Jack Philson, an analyst at, has posted an article discussing both Romney and Obama and their statements on the bank foreclosures crisis.

The Debt Relief Act with Short Sale and Foreclosures

We will likely see an onslaught of short sales within the next six months due to the tax break expiring soon. The Act that first showed in 2007 may disappear by the end of this year. This will cause a rush on selling homes through short sale to avoid possible foreclosures. A short sale is a sale where the price received is a lot less, by as much as 50% of the amount owed to the mortgage company. Many find they are in trouble with their mortgage payments when their cash flow slows down or they lose part of all of their income.

People choose the short sale if the bank agrees to get out from under the hefty mortgage payments they can no longer make. Short sales save homeowners from foreclosures, which are hard on all parties involved. Right now, the 2007 Mortgage Forgiveness Debt Relief Act allows short sales to occur without the burden of paying taxes on the amount they were “forgiven.” Once the Act is gone, sellers will owe taxes on the difference treating it as a gift in which they had to pay taxes. The Act might extend for another year or two.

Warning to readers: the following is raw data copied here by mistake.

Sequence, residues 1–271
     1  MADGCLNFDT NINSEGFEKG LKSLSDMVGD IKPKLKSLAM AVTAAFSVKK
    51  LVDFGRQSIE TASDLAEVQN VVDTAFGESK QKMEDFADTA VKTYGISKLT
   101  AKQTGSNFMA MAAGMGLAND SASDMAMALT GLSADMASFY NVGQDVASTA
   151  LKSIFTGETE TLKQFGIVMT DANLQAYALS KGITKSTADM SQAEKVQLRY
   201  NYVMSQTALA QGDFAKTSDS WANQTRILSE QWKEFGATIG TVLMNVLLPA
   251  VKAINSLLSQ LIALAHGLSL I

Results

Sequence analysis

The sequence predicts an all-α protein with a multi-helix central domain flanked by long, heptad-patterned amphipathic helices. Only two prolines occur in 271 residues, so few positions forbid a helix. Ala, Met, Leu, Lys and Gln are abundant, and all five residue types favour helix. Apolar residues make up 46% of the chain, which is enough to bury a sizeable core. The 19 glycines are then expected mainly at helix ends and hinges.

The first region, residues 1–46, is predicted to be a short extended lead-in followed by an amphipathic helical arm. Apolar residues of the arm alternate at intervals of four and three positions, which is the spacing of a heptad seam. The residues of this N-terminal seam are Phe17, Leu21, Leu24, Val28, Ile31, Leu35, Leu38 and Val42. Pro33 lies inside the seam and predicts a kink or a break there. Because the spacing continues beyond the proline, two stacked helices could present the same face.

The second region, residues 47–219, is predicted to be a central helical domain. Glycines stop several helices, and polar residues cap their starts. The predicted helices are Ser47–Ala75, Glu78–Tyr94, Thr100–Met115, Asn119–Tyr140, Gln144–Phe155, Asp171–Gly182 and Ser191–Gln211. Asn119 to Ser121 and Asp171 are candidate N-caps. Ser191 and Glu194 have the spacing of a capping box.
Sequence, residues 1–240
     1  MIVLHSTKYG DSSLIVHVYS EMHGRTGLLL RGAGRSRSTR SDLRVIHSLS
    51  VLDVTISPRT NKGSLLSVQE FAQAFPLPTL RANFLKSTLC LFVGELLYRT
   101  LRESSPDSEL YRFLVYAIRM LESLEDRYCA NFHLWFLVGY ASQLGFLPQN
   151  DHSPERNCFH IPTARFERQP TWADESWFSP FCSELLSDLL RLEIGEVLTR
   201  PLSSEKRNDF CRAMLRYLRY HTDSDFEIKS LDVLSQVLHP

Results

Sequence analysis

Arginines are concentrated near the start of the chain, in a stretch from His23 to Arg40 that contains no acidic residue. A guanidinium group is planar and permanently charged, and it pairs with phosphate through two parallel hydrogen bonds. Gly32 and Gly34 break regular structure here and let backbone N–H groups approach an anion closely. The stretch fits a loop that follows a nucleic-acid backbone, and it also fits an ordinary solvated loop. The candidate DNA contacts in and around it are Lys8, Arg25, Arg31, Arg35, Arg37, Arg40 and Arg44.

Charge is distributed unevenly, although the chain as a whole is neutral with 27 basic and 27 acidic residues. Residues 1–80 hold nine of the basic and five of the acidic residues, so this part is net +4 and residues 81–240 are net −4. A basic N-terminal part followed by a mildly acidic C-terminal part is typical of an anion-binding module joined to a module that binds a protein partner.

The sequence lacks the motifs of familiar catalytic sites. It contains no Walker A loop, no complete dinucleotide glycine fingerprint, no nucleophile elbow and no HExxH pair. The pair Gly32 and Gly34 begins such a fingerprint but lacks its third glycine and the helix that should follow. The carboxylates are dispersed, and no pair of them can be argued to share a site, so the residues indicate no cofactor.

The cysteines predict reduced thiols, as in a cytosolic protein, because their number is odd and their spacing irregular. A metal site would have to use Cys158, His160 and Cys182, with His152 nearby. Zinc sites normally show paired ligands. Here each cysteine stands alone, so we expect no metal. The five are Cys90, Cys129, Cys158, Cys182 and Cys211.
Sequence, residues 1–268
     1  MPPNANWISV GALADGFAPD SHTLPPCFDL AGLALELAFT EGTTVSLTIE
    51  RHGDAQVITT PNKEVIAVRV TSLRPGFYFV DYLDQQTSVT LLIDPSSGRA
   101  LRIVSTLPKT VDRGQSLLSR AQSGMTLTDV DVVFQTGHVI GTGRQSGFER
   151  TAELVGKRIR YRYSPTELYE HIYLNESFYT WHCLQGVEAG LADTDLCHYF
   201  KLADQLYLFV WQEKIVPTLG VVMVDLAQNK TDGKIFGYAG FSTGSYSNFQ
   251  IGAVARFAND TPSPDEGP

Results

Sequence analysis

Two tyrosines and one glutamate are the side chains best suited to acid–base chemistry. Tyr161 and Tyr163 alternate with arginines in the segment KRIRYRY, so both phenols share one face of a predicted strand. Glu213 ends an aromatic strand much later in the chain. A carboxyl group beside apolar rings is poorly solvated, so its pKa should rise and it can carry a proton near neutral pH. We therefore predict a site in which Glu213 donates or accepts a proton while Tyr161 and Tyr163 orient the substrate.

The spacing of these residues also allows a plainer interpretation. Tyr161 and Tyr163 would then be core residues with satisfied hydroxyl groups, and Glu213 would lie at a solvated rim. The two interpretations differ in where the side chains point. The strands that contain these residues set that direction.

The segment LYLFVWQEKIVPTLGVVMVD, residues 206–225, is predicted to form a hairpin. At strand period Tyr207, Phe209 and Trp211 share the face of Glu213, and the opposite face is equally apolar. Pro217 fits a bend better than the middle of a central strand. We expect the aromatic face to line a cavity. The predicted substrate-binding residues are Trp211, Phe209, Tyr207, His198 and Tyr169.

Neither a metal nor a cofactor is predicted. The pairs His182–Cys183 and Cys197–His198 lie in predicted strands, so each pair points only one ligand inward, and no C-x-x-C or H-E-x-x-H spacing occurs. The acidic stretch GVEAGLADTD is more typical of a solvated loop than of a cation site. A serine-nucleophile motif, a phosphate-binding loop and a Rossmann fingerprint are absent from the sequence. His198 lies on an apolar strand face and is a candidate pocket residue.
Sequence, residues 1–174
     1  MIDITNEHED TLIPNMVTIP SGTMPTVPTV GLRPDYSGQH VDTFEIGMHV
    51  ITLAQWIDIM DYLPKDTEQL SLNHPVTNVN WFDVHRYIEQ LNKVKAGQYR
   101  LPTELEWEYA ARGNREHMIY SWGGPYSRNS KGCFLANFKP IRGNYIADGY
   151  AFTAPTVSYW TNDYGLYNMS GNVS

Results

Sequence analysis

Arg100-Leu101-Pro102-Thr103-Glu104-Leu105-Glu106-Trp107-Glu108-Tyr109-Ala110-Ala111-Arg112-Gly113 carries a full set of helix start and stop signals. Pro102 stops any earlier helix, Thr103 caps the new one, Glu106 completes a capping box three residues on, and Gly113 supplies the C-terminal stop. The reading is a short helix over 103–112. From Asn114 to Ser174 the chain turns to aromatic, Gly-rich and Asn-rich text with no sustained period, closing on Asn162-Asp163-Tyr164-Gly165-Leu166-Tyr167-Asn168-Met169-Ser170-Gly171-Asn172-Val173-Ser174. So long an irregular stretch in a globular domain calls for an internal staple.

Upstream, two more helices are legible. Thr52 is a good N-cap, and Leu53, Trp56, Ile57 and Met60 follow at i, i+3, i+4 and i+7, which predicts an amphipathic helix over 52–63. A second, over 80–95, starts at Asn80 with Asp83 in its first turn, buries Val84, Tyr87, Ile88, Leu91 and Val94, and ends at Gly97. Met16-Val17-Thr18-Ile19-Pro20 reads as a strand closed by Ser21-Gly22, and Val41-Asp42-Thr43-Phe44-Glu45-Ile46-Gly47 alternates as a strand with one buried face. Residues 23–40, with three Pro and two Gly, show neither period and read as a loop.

Short sales are a good way to get a home for less. is one of the best resources online for finding such deals.

High Bank Foreclosures in Rhode Island: Despite Millions in Aid Available